Country music legend Dolly Parton is being praised online after helping fund research for avaccine developed by that was found it to be 94.5% effective against the virus, according to preliminary data..
In an interview on "TODAY," Parton briefly discussed her role in backing the research efforts to find a coronavirus vaccine.
"I'm just happy that anything I do can help somebody else," she said Tuesday. "When I donated money to the COVID fund, I just wanted it to do good and evidently, it is. Let's just hope we find a cure real soon."
Back in April, Parton made a $1 million contribution toward coronavirus research efforts at Vanderbuilt University. She said her longtime friend Dr. Naji Abumrad from the university informed her there were "some exciting advancements towards research of the coronavirus for a cure."
When Moderna released findings that showed a highly effective success rate in preventing coronavirus, fans were quick to praise Parton after spotting her name in the funding section of the New England Journal of Medicine's preliminary report.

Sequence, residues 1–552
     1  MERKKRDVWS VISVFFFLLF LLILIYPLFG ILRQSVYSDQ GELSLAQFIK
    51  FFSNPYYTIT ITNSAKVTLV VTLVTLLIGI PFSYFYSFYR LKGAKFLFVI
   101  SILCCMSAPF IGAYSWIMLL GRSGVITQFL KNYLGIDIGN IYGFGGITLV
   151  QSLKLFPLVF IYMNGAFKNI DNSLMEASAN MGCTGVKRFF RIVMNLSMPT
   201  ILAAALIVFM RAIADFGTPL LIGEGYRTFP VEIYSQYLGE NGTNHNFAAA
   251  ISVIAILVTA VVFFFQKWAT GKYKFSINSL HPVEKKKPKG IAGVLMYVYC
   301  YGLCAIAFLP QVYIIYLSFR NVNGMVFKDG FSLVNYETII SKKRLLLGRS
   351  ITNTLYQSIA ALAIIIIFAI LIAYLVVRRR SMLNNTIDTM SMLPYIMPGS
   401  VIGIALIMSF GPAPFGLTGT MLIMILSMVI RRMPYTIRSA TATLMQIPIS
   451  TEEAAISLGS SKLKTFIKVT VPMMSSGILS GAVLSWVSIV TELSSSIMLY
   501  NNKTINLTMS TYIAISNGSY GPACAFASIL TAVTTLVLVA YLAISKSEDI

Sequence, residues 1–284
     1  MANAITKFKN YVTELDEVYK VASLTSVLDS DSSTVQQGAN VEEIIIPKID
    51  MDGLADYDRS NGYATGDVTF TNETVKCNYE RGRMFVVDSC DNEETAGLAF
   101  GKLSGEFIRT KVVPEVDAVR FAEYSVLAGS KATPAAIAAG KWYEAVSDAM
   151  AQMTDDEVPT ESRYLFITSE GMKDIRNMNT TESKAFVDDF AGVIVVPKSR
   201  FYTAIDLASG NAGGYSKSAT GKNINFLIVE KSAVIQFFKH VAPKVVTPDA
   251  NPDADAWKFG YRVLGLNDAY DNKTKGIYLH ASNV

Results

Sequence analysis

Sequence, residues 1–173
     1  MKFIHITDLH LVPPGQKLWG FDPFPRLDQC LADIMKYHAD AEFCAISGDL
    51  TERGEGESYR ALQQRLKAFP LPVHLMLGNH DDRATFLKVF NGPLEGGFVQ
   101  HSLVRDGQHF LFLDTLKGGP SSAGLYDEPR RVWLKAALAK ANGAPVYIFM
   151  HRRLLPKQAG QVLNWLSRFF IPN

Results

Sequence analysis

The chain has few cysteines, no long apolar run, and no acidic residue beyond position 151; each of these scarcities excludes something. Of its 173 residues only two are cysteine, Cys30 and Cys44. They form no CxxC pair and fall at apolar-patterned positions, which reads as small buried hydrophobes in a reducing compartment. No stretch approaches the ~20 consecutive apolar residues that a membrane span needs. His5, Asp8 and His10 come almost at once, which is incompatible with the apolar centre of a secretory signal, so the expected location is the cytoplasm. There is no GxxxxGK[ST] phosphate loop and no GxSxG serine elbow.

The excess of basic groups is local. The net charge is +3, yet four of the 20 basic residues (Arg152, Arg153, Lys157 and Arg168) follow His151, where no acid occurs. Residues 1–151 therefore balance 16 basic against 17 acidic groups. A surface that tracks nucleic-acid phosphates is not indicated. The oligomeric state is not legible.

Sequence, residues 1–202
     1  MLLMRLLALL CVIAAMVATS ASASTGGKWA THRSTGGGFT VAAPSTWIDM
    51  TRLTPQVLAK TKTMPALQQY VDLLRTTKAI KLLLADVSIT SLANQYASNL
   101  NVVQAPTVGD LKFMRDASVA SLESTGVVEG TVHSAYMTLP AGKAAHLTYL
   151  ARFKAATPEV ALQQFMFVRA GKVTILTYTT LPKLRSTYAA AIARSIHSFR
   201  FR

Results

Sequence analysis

"The important thing to know is Dolly Parton funded the moderna vaccine and will save us all because she is good," said writer Lauren Hough.
One Twitter user replaced the words "vaccine" with the chorus of one of Parton's hit song, "Jolene."
With rising cases all over the country and nearly 250,000 coronavirus-related deaths in the U.S., fans and doctors alike thanked Parton for her donation.
"Just a moment of profound gratitude to Dolly Parton and her COVID-19 Research Fund," said Esther Choo, an emergency physician and professor at Oregon Health & Science University. "It's a tremendously discouraging time. But still, we can always find the helpers. Don't lose hope."
Moderna said Monday its shots provide strong protection in the fight against COVID. Last week,appeared to be similarly effective — news that puts both companies on track to seek permission for emergency use in the U.S.
While preliminary results appeared promising, Moderna said the study is continuing and acknowledged the protection rate might change as more COVID-19 infections are detected and added to the calculations. Also, it's too soon to know how long protection lasts.
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